• June 24, 2024

A far-left state judge sides with wealthy elites over science

 A far-left state judge sides with wealthy elites over science

Science loses in Montana court

Would the weather in Montana change tomorrow if the state suddenly shut down all of its coal mines, natural gas power plants, and oil refineries? Any honest scientist would tell you no.

But according to a far-left state judge, the wealthiest children in Montana will suddenly be able to ski again if the state’s Department of Environmental Quality stops issuing new permits for infrastructure projects that use fossil fuels.

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The ruling is abjectly absurd, but there are dozens more cases like it in federal and state courts across the country. If any of them were to be confirmed on appeal, it would be disastrous for the economy.

The plaintiffs in Montana include 16 children who claim they have experienced “fear,” “distress,” “a sense of loss,” and “despair” because of climate change. Some of these poor dears lament that they haven’t been able to ski, paddleboard, or kayak as much as they otherwise would have if it were not so hot outside. Is your heart bleeding for them?

These children claim that Montana’s Constitution, which guarantees residents “the right to a clean and beautiful environment,” conflicts with the Montana Environmental Policy Act, which since 2011 prevents state officials from considering “actual or potential impacts beyond Montana’s borders” when approving permits for infrastructure projects. The legislature further clarified the law after the suit was filed, making it explicit that consideration of “greenhouse gas emissions and corresponding impact to the climate” is not allowed.

If only the Montana Environmental Policy Act forced the Department of Environmental Quality to consider carbon emissions when approving a new road or power plant, the plaintiffs’ reason, then fewer projects would be approved, less carbon would be emitted, and their lives would be better.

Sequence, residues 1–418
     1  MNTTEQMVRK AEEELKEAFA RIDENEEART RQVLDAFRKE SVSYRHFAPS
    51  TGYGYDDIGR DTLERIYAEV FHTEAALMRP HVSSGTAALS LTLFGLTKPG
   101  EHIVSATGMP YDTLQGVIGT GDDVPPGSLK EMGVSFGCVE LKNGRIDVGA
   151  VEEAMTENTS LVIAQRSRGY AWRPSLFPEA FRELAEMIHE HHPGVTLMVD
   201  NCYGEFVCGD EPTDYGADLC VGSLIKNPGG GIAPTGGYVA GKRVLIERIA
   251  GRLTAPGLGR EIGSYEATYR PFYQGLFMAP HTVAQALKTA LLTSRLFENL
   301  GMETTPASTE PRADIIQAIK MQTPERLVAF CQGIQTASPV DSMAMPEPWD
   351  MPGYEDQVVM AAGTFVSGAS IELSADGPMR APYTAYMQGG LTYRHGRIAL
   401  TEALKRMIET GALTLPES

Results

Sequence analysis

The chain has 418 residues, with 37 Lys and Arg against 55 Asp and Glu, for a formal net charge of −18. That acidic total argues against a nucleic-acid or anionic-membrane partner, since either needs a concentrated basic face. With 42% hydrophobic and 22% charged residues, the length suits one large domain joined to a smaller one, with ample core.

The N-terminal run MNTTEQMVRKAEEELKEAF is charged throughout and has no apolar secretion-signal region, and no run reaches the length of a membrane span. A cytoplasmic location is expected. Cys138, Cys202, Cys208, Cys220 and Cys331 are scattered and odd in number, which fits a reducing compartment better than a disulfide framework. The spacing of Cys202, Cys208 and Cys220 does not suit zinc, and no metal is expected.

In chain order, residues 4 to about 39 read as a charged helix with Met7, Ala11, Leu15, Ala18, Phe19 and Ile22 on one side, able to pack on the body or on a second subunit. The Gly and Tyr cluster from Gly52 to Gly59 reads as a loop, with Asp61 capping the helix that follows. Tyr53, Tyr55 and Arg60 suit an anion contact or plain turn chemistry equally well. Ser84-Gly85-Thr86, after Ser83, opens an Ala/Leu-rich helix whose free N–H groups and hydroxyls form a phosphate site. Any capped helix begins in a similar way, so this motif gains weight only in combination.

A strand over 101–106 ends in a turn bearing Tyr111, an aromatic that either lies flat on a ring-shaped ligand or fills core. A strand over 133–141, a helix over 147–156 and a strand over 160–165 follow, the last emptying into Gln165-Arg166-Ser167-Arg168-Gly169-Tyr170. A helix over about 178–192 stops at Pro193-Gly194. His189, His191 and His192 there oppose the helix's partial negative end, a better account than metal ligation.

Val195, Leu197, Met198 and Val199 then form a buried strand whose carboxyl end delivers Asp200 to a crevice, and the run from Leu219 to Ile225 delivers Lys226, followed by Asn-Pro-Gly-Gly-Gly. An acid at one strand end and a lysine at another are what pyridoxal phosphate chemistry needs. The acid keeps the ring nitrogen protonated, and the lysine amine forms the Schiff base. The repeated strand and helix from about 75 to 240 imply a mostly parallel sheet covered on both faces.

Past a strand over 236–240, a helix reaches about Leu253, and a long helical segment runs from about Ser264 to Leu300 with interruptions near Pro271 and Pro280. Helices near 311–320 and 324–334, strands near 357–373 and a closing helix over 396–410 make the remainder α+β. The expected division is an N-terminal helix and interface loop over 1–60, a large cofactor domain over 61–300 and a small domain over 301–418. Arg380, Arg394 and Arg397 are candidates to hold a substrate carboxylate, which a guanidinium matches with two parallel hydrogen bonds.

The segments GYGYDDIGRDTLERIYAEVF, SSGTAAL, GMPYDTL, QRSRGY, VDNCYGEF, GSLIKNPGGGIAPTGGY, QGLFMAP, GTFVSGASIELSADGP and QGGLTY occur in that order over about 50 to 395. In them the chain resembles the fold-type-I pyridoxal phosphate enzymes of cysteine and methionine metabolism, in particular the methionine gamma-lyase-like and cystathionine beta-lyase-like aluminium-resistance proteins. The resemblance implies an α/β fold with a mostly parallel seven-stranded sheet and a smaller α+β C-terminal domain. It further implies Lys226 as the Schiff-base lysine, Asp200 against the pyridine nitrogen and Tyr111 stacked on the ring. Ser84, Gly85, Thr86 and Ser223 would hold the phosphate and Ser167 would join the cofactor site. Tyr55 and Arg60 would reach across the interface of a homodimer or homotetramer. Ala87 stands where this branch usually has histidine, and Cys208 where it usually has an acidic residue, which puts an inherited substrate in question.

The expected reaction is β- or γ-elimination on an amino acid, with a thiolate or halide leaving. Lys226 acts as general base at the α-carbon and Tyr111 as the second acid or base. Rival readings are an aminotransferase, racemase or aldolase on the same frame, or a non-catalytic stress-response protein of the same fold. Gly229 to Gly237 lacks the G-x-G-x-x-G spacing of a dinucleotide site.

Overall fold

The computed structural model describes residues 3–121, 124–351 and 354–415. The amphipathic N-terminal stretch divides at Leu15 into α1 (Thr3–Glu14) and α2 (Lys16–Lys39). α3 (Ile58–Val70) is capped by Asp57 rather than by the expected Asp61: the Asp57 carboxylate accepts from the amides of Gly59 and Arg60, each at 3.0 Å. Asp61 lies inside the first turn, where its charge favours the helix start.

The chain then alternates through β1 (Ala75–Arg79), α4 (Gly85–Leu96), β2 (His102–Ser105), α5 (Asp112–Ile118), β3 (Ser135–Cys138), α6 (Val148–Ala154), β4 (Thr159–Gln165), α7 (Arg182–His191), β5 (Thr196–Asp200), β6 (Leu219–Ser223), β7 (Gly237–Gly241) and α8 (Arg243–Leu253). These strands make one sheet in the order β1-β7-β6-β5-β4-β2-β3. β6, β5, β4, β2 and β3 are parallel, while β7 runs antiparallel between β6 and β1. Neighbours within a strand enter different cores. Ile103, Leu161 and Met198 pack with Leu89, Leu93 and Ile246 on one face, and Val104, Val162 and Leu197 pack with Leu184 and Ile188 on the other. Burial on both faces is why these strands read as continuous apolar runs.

This is a fairy tale. Just look at the science.

Let’s say the plaintiffs get their way and the DEQ not only started disapproving every construction permit in Montana, but also required every power plant, oil refinery, and coal mine to shut down. Zero carbon emissions from the entire state of Montana tomorrow.

What would happen to the climate?

Nothing.

Even if the entire world stopped emitting all carbon tomorrow, the climate would still get warmer for decades. But the world isn’t going to stop emitting carbon tomorrow. Nor will it even cut carbon in half by 2030China is adding two coal power plants a week, and it already emits almost 12 billion metric tons of carbon a year, double the United States’s 5.6 billion. The U.S. emits just 14% of the world’s carbon and Montana makes up less than 1% of that total. Eliminating all Montana’s carbon emissions wouldn’t affect the climate at all.

When the judge concludes that Montana’s carbon emissions “have been proven to be a substantial factor in causing climate impacts,” she is talking nonsense. There is no scientific foundation for her statement. Without evidence showing that lowering Montana’s carbon output would change the climate in Montana, the plaintiffs have no case.

But while decarbonizing Montana overnight would do nothing to affect the climate, it would devastate Montana’s economy. Montana has 5,000 gas wells, 4,000 oil wells, four oil refineries, and six coal mines. All these businesses and their employees would be out of work and every Montanan that relied on the energy from them would see their energy costs rise.

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The reality is that Montana is doing just fine without leftist judges trying to halt infrastructure projects. Under the law that the judge wants to overturn, Montana generates 53% of its electricity from renewables, which places the state 10th best in the nation.

Montanans love the outdoors, which is why the state already has strong environmental protections for air and water quality. Its legislators balance the costs of environmental regulation with economic growth — these are, obviously, political decisions — and we’re certain Montana’s appeals court will see it that way.

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Editor @Investigator_50